The Holy Right is the right fist of Saint Stephen of Hungary. The 1000-year-old relic has lived a long, often difficult life.
The practice of venerating relics (material items connected to the life of a saint) has clear biblical roots. Not unfrequently, we find passages in the Hebrew Bible where we objects that once belonged to a person considered holy being are used for miraculous purposes. Take, for example, the following passage from the Second Book of Kings (Cf. 2 Kings 13:20-21). The text reads:
And so Elisha died and was buried. At that time of year, bands of Moabites used to raid the land. Once some people were burying a man, when suddenly they saw such a raiding band. So they cast the man into the grave of Elisha, and everyone went off. But when the man came in contact with the bones of Elisha, he came back to life and got to his feet.
The same goes for the New Testament. The passage of the Gospel of Mark (Cf. Mark 5.27-29) featuring a woman miraculously healed after touching Jesus’ cloak is quite popular.
She had heard about Jesus and came up behind him in the crowd and touched his cloak. She said, ‘If I but touch his clothes, I shall be cured.’ Immediately her flow of blood dried up. She felt in her body that she was healed of her affliction.
The veneration of relics is not an exclusively Catholic custom —other religious traditions also show the very same kind of respect and reverence to objects intimately related to the lives of saintly men and women. In any case, Catholicism understands there are three kinds of relics —first, second, and third-class. A first-class relic is a physical remain of a saint (may it be his or her whole body, or even just a fragment of a bone, or a vial of blood). A second-class relic is any item that the saint might have used (most of the time, a piece of clothing). Finally, a third-class relic is any item that might have been in contact with either a first-class or a second-class relic.
Budapest, the Hungarian capital, preserves a unique first-class relic: the incorrupt right hand of its first Christian king, Szent István Király, King Saint Stephen.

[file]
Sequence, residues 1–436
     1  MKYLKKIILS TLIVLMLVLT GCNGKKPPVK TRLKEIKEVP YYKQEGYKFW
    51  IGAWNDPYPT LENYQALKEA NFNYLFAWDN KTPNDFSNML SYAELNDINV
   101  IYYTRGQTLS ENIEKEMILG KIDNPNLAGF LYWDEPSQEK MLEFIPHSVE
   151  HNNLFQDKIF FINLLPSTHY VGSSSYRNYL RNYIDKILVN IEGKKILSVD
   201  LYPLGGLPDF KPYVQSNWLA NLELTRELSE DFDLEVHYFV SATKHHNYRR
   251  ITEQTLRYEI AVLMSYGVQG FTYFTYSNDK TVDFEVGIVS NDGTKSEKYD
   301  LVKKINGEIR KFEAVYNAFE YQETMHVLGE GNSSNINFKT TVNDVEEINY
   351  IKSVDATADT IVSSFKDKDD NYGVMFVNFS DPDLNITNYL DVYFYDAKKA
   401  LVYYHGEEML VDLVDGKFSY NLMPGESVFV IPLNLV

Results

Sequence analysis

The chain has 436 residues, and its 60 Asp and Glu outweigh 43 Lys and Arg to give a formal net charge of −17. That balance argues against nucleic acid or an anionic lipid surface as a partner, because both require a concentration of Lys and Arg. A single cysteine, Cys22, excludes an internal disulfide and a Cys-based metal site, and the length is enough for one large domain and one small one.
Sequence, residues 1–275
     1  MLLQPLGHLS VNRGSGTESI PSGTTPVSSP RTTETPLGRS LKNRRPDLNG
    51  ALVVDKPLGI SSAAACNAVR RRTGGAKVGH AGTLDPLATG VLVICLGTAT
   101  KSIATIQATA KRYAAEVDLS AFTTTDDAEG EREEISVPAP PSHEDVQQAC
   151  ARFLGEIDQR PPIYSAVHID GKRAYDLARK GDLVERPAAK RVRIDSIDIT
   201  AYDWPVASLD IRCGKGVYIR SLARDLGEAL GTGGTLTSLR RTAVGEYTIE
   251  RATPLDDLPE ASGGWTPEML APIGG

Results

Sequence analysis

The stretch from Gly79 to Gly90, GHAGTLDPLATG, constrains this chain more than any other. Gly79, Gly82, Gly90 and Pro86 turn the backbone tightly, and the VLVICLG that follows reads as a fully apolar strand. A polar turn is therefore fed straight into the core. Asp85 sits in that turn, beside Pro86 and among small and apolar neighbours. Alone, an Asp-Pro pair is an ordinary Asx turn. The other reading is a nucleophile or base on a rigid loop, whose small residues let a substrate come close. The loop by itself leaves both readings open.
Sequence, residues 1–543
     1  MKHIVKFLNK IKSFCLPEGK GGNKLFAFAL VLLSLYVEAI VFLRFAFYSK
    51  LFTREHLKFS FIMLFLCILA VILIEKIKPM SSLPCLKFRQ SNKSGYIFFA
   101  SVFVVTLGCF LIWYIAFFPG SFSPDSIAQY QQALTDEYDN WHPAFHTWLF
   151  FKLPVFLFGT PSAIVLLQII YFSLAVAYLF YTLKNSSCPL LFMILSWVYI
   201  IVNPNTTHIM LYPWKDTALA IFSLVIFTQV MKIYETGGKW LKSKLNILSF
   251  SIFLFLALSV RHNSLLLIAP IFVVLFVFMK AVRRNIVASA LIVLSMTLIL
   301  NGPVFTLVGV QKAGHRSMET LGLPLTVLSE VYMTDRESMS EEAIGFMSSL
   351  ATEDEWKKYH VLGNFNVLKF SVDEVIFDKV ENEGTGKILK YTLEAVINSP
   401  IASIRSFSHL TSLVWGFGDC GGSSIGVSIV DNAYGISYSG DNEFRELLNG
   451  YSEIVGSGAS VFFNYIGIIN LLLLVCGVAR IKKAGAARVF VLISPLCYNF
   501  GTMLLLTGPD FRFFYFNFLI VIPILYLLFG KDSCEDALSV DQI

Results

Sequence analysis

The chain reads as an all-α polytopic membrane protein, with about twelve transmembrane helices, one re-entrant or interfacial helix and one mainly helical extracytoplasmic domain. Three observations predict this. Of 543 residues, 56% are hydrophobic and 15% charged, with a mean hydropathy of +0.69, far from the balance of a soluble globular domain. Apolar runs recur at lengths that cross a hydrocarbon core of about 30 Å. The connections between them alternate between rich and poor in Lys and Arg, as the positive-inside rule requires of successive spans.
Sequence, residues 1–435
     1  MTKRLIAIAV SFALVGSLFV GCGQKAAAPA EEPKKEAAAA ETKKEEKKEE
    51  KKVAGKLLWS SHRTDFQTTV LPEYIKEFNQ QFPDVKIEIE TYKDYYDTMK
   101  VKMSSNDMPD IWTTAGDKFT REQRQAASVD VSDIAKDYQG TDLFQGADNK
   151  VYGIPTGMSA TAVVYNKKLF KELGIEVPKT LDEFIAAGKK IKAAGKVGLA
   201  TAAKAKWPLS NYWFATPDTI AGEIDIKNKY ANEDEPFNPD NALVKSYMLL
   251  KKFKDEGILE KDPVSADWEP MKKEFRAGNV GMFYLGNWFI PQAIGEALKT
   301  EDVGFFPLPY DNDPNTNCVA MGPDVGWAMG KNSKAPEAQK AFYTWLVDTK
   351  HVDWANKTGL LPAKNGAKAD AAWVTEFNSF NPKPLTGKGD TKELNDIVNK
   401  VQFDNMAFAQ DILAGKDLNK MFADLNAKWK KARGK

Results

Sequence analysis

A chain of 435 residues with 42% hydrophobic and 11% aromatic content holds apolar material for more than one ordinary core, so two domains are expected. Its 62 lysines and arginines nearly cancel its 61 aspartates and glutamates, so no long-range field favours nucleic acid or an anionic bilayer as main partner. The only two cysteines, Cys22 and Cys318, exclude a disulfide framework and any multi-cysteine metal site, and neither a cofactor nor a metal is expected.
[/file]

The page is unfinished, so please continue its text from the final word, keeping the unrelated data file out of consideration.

Stephen I was the last Grand Prince of the Hungarians between 997 and 1000, and the firstKing of Hungary from 1000 (or 1001, according to other sources) until his death in 1038. Many details regarding his life are relatively uncertain: we do not know the year of his birth nor that of his baptism. We do know he was given the pagan name Vajk, that he was the only son of Grand Prince Géza and his wife, Sarolt, and that even if both of his parents were eventually baptized, Stephen was the first member of his family to become a devout Christian —he established several different Benedictine monasteries, encouraged the spread of Christianity, and brought peace to the region (at least during his reign), turning it into a popular route for pilgrims and merchants traveling between Western Europe, the Holy Land and Constantinople.
Every year, on his feast day (August 20th), The Holy Right, the right fist of St. Stephen himself, is taken out in a solemn procession. As part of his canonization process (back in 1083, a few decades after his death) his body was exhumed. Tradition claims his right arm was incorrupt. The whole arm was then preserved apart, for veneration, as a relic.
Here, the convolute story of the relic begins. It traveled all throughout Europe and only went back to Hungary after WWII. To keep it safe during the Tartar invasions of the 13th century, it was sent to Croatia, where Dominican friars housed it. Some sources claim it was then when the hand was cut from the arm —the upper arm being sent to Lemburg, and the hand to Vienna.
In 1771, authorities from the Austro-Hungarian empire decided to house the Holy Right in Schönbrunn Palace in Vienna, the Hapsburg’s summer home. They eventually sent it back to Hungary, but as soon as the war knocked on Budapest’s doors in 1944, the relic was again sent back to Austria, under the care of the archbishop of Salzburg. Finally, on August 20, 1945, a priest serving in the American army brought the hand from Austria back to Hungary. It is nowadays preserved in its reliquary, in the Basilica of St. Stephen.